Likewise careful degreasing and light scrubbing of the alloy regulator body with a 3M pad before buffing bought it back to almost new condition - including managing to maintain the nice crisp patent numbers.  I was even able to remove the gum from the inside and reveal what I would like to think is the original ochre coloured paint - which looks nice.
The oil feed and return pipes were not too bad - slightly rusty and knocked about, but have cleaned up well and now ready for nickel plating.  I did have to re-cut the tapers for oil pipe fitting but that was pretty easy.  Final job before reassembly was to cut and punch new cork washers.

It took a full Sunday afternoon to refurbish but on trial fitting it to my tank late on the Sunday evening - it fitted perfectly and was pleasing to the eye . . . so pretty chuffed.  Now  . . . on to the next items - making up new wheel nuts to the original pattern!
more soon
Paul Norman
www.racingvincent.co.uk

Offline pvn06

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Re: Refurbishing Oil Regulator for 2 3/4 HP
« Reply #1 on: 20 May 2016 at 23:24 »
here are photos:

Offline graeme

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Re: Refurbishing Oil Regulator for 2 3/4 HP
« Reply #2 on: 23 May 2016 at 04:06 »
Nice work Paul

Offline shuswapkev

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Re: Refurbishing Oil Regulator for 2 3/4 HP
« Reply #3 on: 23 May 2016 at 11:24 »
 

  terrific.!!!

  you have 2 oil pump needles...is the pointy one the one to use??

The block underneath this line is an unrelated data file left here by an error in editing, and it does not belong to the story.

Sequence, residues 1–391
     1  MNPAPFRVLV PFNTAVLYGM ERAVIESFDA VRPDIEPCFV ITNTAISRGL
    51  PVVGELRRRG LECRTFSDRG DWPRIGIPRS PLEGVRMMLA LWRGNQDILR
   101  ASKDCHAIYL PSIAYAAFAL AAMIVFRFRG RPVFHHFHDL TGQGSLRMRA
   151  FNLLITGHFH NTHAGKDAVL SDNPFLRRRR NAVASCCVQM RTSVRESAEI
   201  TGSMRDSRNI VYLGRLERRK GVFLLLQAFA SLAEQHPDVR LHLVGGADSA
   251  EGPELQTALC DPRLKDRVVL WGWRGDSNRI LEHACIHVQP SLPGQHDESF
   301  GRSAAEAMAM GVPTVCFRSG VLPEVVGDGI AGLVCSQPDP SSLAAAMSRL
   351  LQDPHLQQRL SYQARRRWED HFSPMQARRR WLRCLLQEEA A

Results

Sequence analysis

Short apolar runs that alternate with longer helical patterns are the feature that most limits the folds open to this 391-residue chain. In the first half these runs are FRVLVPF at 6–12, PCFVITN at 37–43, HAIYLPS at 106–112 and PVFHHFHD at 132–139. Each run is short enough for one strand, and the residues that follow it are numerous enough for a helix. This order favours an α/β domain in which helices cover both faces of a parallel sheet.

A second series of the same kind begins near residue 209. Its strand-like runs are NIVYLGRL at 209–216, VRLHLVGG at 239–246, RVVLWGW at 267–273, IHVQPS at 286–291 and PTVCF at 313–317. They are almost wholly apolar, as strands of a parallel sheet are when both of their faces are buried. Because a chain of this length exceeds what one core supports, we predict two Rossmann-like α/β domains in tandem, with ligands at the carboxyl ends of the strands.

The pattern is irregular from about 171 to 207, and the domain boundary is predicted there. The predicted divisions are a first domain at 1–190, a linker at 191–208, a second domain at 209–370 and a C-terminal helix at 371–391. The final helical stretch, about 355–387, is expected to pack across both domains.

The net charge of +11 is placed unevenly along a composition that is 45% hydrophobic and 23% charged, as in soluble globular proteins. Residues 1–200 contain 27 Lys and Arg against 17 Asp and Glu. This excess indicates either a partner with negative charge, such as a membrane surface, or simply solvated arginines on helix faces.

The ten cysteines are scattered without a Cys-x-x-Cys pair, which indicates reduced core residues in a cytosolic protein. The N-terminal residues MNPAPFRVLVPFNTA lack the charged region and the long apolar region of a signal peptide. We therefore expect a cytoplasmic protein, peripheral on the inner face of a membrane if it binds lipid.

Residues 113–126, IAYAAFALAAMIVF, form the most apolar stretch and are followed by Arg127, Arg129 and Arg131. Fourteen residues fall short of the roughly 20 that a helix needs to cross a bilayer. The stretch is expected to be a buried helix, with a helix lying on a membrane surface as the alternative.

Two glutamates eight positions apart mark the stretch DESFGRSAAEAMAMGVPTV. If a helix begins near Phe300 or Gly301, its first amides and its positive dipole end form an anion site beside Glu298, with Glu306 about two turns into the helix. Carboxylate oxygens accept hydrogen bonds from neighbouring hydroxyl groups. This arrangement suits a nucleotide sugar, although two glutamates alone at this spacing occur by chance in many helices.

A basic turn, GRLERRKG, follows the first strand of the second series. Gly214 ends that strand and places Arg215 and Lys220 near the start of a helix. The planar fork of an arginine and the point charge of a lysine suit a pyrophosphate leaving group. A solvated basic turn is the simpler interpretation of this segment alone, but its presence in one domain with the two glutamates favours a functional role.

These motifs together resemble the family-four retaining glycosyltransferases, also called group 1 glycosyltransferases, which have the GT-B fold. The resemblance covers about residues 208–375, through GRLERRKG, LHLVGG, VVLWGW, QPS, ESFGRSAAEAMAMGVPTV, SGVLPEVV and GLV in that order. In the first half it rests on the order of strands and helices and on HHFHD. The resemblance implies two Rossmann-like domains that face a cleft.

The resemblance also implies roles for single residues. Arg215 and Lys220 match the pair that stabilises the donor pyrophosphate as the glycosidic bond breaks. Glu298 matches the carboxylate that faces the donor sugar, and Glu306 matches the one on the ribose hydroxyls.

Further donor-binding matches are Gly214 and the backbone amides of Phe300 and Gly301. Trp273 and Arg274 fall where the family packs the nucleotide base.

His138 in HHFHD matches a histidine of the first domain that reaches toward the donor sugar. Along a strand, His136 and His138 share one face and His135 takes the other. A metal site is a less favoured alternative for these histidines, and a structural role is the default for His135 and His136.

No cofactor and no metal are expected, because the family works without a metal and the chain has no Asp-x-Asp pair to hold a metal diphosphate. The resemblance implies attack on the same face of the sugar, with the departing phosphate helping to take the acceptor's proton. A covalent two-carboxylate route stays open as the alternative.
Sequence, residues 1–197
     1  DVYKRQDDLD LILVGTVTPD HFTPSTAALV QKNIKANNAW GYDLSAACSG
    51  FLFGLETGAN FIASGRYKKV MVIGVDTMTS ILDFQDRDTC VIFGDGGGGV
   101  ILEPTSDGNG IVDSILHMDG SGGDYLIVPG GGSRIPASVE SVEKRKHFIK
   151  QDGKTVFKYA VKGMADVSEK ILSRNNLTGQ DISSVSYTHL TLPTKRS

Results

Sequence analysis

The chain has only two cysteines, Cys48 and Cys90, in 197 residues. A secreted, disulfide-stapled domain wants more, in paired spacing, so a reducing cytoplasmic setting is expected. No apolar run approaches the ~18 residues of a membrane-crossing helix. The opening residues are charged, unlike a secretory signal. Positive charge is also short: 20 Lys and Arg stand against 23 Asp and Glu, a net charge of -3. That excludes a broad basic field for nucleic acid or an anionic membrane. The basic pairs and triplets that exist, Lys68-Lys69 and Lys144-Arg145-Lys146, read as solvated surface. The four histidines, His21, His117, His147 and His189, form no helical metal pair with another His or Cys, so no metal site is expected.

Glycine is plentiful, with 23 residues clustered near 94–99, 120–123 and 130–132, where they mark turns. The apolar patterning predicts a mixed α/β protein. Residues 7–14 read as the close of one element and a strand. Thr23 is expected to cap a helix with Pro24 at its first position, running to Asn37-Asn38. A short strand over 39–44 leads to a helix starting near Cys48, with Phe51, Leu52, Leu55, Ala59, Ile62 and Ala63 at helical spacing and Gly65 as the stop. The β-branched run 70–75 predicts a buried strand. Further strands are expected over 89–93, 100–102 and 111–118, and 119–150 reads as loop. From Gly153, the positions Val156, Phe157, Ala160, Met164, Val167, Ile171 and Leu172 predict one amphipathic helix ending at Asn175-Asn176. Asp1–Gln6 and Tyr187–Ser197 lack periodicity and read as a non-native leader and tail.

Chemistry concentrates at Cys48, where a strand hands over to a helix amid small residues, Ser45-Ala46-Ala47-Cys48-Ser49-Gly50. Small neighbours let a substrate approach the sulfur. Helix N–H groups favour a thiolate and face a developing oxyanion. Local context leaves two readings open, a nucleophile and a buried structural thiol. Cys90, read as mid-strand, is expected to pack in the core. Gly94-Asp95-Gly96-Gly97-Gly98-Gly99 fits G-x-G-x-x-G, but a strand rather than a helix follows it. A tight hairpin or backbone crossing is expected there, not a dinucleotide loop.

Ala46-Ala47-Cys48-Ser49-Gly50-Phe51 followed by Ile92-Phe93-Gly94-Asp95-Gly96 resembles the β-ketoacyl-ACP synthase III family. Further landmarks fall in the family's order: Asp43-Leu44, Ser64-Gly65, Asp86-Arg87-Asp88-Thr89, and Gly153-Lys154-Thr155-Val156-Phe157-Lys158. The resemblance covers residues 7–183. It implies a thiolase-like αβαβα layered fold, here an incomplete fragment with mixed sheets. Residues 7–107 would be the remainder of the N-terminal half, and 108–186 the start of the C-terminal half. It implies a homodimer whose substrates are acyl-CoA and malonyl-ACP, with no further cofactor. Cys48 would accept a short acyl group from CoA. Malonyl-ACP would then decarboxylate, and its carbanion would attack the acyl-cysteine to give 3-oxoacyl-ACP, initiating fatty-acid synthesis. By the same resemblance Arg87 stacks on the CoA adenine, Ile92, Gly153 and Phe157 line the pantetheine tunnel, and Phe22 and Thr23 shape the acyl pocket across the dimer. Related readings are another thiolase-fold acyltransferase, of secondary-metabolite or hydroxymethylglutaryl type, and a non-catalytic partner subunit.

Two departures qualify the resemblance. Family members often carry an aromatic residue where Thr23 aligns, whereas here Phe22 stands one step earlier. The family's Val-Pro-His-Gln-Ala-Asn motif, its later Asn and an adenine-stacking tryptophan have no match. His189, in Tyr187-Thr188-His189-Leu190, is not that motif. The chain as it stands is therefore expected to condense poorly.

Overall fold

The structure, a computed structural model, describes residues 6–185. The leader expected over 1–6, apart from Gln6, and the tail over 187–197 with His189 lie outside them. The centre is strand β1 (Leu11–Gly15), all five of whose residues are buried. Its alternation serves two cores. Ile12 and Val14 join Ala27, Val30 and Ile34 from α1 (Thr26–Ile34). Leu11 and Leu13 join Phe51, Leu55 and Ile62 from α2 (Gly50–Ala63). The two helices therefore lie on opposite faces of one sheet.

you mention recutting the taper in the valve...how did you do this??
 the arrow on top of the dial...is that meant as a "usually works right about there reference"??

  thanks heaps for the pictures and descriptions
very helpful

Offline pvn06

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Re: Refurbishing Oil Regulator for 2 3/4 HP
« Reply #4 on: 28 May 2016 at 09:02 »
Thanks Graeme,

Thanks also Shuswapkev, and to answer your questions:
- Yes, the longer pointy needle is the one to use - this is the one I manufacture, but based on an original
- Recutting the taper - we made a special drill with a very sharp taper/cutting face, I have attached a photo of it, as well as one of the dial faces we have lasercut (which we fit to the oil taps we manufacture for the later Manx Norton style oil tank taps - these were used on 1930's - 40's Manx Norton's  for providing a drip feed to primary/rear chains).  You will notice the tape around the drill - that is a useful indicator to show how deep it needs to go when I fit it to my small milling machine for our oil taps - but I found when re-cutting the seat for this oiler that seemed to be exactly the same depth.  Because this oiler body is aluminium I only needed to turn the drill in the body by hand.
- Yes you are right - the little arrow is just used to help you easily set the oiler at its normal position that gives best results.  Then if you close the tap, you can easily go back to that position again

Hope this helps and best wishes
Paul
www.racingvincent.co.uk